Hong Kong billionaire Li Ka-shing’s Hutchison blocked by European Commission from buying British mobile operator O2
Fourth, though these FDIs are the result, in most cases, of individual business decisions, they have been clearly ramped up by Beijing’s political decision to deploy capital outside its borders from the late 1990s (the “going out” policy). In the case of Africa or Asia, it is primarily about natural resources; in the case of European countries, it is about acquiring brands, technology and expanding China’s footprint, with massive financial assistance from state-run and commercial banks, and sovereign funds.
Fifth, the rise of Chinese transactions also had a lot to do with bilateral relations between China and individual European countries. The top recipients of Chinese FDI – the UK, France, Germany, Italy and Portugal – all have their own set of relationships with China. Sixteen countries now meet China on a yearly basis under a mechanism called “16+1” .There is no doubt that the Chinese government has been good at playing one country against the other, and using FDI as a tool. Once, European countries were fighting for a share of the Chinese consumer market; today, they are competing for a share of Chinese capital.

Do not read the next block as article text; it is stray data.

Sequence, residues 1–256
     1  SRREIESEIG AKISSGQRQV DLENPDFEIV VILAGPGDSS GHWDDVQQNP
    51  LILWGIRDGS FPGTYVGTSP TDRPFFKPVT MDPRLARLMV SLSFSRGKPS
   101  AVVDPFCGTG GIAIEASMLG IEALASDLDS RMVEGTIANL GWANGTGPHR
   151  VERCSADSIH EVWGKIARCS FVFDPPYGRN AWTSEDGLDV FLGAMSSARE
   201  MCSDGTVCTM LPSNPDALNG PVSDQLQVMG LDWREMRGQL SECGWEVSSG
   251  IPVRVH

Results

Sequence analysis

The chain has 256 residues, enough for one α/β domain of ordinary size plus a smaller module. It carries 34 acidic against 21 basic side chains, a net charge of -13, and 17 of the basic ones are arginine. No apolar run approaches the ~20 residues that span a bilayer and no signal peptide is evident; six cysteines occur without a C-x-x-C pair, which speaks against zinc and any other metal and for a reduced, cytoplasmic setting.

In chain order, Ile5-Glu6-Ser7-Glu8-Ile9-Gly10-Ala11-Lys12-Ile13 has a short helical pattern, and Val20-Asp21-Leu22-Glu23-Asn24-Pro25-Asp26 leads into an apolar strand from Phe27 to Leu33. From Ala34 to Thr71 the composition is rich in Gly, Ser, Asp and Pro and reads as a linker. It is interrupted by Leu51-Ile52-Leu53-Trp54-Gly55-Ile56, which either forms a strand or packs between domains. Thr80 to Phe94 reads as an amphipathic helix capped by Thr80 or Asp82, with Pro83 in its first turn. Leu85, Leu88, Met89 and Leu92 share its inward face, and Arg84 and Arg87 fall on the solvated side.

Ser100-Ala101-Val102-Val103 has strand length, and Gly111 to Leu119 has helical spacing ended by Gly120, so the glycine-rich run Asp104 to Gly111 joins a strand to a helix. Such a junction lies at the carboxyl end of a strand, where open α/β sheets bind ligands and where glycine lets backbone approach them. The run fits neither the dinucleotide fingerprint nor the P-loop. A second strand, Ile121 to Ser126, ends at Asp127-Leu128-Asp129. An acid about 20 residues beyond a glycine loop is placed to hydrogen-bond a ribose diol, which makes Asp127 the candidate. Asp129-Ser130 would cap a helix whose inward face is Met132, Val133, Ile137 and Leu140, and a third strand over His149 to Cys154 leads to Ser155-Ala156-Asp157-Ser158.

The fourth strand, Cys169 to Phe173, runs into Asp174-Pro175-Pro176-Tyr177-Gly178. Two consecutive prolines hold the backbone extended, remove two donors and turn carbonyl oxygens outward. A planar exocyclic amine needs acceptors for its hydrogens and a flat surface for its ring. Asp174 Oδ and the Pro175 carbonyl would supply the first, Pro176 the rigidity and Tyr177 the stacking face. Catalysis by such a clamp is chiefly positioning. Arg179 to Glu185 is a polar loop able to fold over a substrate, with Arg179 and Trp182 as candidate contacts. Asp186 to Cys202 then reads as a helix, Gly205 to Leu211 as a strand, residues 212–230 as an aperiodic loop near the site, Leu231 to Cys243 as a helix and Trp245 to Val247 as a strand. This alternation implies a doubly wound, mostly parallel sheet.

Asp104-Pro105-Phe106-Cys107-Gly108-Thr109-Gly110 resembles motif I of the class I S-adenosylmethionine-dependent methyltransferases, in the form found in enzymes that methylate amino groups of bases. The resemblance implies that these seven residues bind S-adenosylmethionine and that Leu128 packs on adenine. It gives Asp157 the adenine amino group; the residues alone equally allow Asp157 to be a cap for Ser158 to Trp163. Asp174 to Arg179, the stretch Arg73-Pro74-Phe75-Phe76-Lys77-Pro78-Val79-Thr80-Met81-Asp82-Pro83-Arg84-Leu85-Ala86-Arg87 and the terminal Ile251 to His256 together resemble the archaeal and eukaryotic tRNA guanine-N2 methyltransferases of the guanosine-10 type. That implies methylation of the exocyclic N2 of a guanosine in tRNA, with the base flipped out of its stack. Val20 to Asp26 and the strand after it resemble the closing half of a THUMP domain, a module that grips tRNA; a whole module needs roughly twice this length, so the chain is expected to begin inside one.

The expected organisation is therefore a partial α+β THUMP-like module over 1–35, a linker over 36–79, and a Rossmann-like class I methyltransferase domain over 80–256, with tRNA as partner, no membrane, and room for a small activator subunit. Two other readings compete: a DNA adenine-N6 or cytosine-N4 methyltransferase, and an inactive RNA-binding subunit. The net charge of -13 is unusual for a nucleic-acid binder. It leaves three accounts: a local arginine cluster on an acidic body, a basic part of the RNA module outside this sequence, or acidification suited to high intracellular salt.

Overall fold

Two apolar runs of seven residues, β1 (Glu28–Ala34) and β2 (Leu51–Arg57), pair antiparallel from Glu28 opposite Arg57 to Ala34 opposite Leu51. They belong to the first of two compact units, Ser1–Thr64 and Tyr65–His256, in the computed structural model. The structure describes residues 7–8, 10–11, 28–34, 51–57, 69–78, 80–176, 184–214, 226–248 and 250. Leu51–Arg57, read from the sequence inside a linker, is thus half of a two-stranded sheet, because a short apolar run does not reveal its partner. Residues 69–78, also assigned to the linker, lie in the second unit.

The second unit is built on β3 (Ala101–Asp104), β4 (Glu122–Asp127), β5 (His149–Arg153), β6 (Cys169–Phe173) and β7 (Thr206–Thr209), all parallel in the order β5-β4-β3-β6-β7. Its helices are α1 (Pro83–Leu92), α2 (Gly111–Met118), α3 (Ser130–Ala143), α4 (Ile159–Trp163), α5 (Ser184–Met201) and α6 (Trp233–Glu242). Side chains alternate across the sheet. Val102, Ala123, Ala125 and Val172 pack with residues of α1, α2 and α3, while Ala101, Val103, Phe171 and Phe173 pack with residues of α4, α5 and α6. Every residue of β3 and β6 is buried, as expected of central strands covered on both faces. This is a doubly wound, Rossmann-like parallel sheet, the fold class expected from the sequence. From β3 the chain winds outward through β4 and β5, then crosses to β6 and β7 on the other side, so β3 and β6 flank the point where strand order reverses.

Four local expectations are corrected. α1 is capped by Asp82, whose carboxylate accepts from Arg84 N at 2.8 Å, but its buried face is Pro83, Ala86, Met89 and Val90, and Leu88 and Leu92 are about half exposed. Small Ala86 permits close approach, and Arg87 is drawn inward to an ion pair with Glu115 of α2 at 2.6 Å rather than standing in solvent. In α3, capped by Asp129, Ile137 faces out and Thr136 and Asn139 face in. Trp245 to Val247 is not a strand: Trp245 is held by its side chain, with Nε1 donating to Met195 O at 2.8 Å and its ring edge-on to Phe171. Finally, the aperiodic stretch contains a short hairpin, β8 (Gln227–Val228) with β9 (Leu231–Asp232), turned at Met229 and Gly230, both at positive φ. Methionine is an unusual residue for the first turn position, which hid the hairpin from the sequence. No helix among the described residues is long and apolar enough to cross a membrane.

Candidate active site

Nonetheless, this European wave of Chinese investments faces numerous challenges.
First, human resources have been a complex issue to Chinese investors. Just like Japanese companies in the 1980s, they have often found it hard to relinquish power to European managers. In those cases, European employees have a “cosmetic” role. In other instances, they tend to manage their European assets too loosely, with senior staff from Beijing talking to their subsidiaries of vague ambitions, for instance on “synergies”.